I fervently hope that this will be the result.  I hope and believe that “increased sagacity will be subservient to a more exalted faith" - That science and knowledge will not merely impress upon the mind a cold conviction of the truths of Natural Religion - but that they will temper and prepare it for the better conception and comprehension of the great scheme of human redemption ­that new sources of conviction will be opened, independent of the overwhelming force of historical testimony - independent of that assent of the heart and conscience which instinctively discovers in the pure system of Christian morality, the internal evidence of a Divine origin.

I hope and believe that the "increased sagacity" which takes the most comprehensive view of the order of the Universe - which is most conversant with the concurring proofs of infinite wisdom - with the varied stages of existence in organic life - with the recurring vicissitudes of life and decay, and resurrection - which best knows the assigned limits of human enquiry - the difficulties which cannot be solved - the mysteries that cannot be interpreted, in respect to objects of sense and daily observation - that, "that sagacity" will lend the most unwilling ear to presumptions and objections against the ­Christian dispensation; and will be the most forward to recognise its perfect harmony, with all that we could conclude from reason, unaided by revelation, in regard to the constitution and course of nature, and the moral government of a Creator and Ruler of the world.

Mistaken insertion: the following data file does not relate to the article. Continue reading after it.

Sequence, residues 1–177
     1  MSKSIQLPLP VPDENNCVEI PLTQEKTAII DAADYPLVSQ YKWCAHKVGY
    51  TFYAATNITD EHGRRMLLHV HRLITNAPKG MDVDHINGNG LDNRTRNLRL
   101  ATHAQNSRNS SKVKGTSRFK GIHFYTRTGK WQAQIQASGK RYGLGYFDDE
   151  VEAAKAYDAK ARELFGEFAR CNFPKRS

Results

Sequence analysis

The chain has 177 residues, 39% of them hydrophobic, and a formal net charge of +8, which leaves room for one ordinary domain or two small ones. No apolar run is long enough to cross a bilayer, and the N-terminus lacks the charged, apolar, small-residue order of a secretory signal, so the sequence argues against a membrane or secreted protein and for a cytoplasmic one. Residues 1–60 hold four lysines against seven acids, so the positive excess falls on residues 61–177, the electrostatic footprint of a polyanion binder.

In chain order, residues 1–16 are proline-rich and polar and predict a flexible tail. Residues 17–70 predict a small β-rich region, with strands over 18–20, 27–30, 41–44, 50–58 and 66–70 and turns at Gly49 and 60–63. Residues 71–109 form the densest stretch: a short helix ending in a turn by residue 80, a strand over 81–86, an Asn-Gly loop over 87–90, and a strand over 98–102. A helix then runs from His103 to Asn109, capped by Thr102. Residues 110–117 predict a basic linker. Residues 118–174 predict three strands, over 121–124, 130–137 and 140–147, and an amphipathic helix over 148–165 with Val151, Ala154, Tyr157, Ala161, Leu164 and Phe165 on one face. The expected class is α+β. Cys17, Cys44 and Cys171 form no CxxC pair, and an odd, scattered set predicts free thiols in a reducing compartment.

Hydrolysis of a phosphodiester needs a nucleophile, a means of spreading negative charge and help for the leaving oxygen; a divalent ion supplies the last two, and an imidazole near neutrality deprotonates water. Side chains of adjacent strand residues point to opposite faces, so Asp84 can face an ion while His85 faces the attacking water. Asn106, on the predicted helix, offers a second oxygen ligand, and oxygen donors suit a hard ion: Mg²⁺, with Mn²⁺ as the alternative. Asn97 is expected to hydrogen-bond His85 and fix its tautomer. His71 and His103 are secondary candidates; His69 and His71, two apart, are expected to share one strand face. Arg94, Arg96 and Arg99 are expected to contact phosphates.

These are serious and solemn subjects; but they are not unsuited to the occasion on which we are met; and I was anxious to state the views I entertain, and the hopes by which I am animated in promoting, under proper checks and pre­cautions, the extension of scientific enquiry and knowledge. 

I am about to quit you for the performance of public duties - about to take my share in the exciting conflict of opinion, on the arena of political discussion. And great indeed will be my satisfaction, amid the anxieties of public life, if I may be allowed to hope, that I have this day laid the corner-stone of an edifice, in which, each firmly retaining his own political opinions and preferences, and determined to manifest them on all fitting occasions - you can meet in the peaceful pursuit of study, and innocent and improving recreation; - and suspending for a time the disturbing influence of religious or party difference, can taste in common the uncloying pleasure that springs from mental improvement and increasing knowledge. Then indeed shall I be repaid a hundredfold for any exertions I have made, in bringing this institution to maturity.